• Cohen, R. A., , and D. M. Schultz, 2005: Contraction rate and its relationship to frontogenesis, the Lyapunov exponent, fluid trapping, and airstream boundaries. Mon. Wea. Rev., 133 , 13531369.

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    Schematic illustration showing the components (Δx, δy) of the separation vector Δr in (x, y) Cartesian space, which has a magnitude Δr and an orientation angle ϕ. Position vectors r1 and r2 for the fluid parcels are also shown.

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Comments on “Contraction Rate and Its Relationship to Frontogenesis, the Lyapunov Exponent, Fluid Trapping, and Airstream Boundaries”

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  • 1 Cooperative Institute for Mesoscale Meteorological Studies, University of Oklahoma, Norman, Oklahoma
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Corresponding author address: Dr. Charles A. Doswell III, CIMMS/University of Oklahoma, 100 East Boyd St., Room 1110, Norman, OK 73019. Email: cdoswell@gcn.ou.edu

Corresponding author address: Dr. Charles A. Doswell III, CIMMS/University of Oklahoma, 100 East Boyd St., Room 1110, Norman, OK 73019. Email: cdoswell@gcn.ou.edu

In Cohen and Schultz (2005, hereafter CS05), a new concept for kinematic diagnosis has been presented. Overall, I find their presentation fascinating and the ideas contained therein are both stimulating and of considerable value for kinematic applications. However, I found their derivation to be somewhat confusing. Some brief review of their derivation is necessary to set the stage for an alternative derivation that confirms their results. They considered the time evolution of the separation vector Δr(t) = Δx + iδy [their Eq. (3)] between two fluid parcels, assuming that it could be represented for a small period of time (during which the linear form of the Taylor series expansion of the velocity field was valid) as their Eq. (2):
i1520-0493-134-9-2642-eq1
In the first use of the complex representation, the real and imaginary parts correspond to the components of a vector. In the second use of the complex representation, the real and imaginary parts correspond to the growth rate and the frequency. Equating the real and imaginary parts of these two apparently different applications of complex representation was rather confusing to me. Hence, I chose to follow a different path and see if it would produce a corresponding result.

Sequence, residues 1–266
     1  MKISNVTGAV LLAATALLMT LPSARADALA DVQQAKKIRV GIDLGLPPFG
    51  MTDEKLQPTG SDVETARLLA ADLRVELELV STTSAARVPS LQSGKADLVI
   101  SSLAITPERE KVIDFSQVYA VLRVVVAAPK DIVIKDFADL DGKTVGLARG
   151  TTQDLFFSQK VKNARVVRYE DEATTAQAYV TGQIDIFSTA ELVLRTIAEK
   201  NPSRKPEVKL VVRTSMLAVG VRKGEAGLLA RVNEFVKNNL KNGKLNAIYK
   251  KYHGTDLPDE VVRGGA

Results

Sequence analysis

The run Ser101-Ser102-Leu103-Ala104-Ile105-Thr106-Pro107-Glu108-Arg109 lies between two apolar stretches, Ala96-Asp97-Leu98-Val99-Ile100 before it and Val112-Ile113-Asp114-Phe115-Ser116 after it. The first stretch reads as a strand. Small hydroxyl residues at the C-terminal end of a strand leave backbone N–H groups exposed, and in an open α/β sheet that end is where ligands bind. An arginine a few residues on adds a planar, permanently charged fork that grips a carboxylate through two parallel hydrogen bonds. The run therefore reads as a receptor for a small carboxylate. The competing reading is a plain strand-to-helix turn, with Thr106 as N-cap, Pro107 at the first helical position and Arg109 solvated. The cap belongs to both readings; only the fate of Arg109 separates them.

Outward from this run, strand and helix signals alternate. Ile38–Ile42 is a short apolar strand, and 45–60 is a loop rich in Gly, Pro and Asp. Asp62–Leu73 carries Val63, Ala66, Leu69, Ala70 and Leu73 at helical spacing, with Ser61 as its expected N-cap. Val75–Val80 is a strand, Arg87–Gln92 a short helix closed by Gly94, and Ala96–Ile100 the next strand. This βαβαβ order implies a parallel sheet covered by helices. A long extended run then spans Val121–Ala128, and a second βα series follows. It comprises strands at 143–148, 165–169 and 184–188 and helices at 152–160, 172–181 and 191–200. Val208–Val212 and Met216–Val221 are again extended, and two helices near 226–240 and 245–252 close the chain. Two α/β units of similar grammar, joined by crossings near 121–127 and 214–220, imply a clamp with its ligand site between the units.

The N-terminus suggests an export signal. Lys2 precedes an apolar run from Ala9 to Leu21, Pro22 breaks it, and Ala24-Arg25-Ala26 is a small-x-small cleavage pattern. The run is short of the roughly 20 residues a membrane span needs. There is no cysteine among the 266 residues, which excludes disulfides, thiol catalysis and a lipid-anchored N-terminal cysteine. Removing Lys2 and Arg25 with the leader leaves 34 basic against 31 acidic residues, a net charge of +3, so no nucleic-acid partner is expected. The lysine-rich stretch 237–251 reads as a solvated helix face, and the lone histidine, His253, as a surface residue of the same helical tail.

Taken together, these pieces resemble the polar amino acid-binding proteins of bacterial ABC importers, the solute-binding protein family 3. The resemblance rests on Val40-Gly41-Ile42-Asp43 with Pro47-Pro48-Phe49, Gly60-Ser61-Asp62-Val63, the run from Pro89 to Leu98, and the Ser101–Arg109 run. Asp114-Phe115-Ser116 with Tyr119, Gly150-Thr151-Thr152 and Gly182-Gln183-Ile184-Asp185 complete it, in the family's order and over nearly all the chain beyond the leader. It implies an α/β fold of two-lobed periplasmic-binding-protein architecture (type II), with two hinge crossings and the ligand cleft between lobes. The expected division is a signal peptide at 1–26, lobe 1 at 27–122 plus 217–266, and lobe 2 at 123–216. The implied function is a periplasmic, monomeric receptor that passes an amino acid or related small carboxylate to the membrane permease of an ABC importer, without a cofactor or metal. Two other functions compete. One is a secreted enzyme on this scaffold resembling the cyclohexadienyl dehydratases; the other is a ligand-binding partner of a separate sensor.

Consider Fig. 1, which illustrates the geometry of the separation vector, and in which I have chosen to represent the separation vector as Δr(t) = Δxi + Δyj, where i and j are unit vectors in the x and y directions, respectively. Therefore, the time rate of change of the separation vector is
i1520-0493-134-9-2642-e1
Observe that this can be written as
i1520-0493-134-9-2642-e2
Using the same assumption employed by CS05 that the initial distance between the points is within the neighborhood over which the following expansion is valid:
i1520-0493-134-9-2642-e3
then substitution into (2) gives
i1520-0493-134-9-2642-e4
Now the time rate of change in the vector connecting two points can be broken into two parts: one due to changes in the length of that vector, and the second due to changes in the orientation of that vector. The orientation of the separation vector at any time is the angle ϕ (see Fig. 1), noting that
i1520-0493-134-9-2642-e5
which also means that
i1520-0493-134-9-2642-e6
Next, the length of the separation vector is Δr ≡ |Δr| = Δx2 + Δy2, so taking the time derivative of Δr results in
i1520-0493-134-9-2642-e7
Using (2) and (3) it follows that
i1520-0493-134-9-2642-e8
Using (5), this results in the following differential equation for the time rate of change of the length of the separation vector (holding the orientation constant):
i1520-0493-134-9-2642-e9
By inspection, the solution for this simple differential equation for the change in length of the separation vector, Δr, is indeed given by an exponential growth rate, σ, where
i1520-0493-134-9-2642-eq2
which confirms the assumed form of this part of the solution in CS05.
Now consider the change associated with the orientation of the separation vector. If the length of the separation vector is held constant, then time differentiation of (6) gives the result that
i1520-0493-134-9-2642-eq3
Again using the foregoing relations, it follows that
i1520-0493-134-9-2642-eq4
which also confirms the assumed form of the solution for the change in the orientation of the separation vector in CS05

The preceding alternative derivation might be easier for some readers to follow, but it yields precisely the same result presented in CS05. In summary, I have no issue with their results, having satisfied myself that the derivation they followed is valid.

REFERENCES

Cohen, R. A., , and D. M. Schultz, 2005: Contraction rate and its relationship to frontogenesis, the Lyapunov exponent, fluid trapping, and airstream boundaries. Mon. Wea. Rev., 133 , 13531369.

  • Search Google Scholar
  • Export Citation
Fig. 1.
Fig. 1.

Schematic illustration showing the components (Δx, δy) of the separation vector Δr in (x, y) Cartesian space, which has a magnitude Δr and an orientation angle ϕ. Position vectors r1 and r2 for the fluid parcels are also shown.

Citation: Monthly Weather Review 134, 9; 10.1175/MWR3212.1

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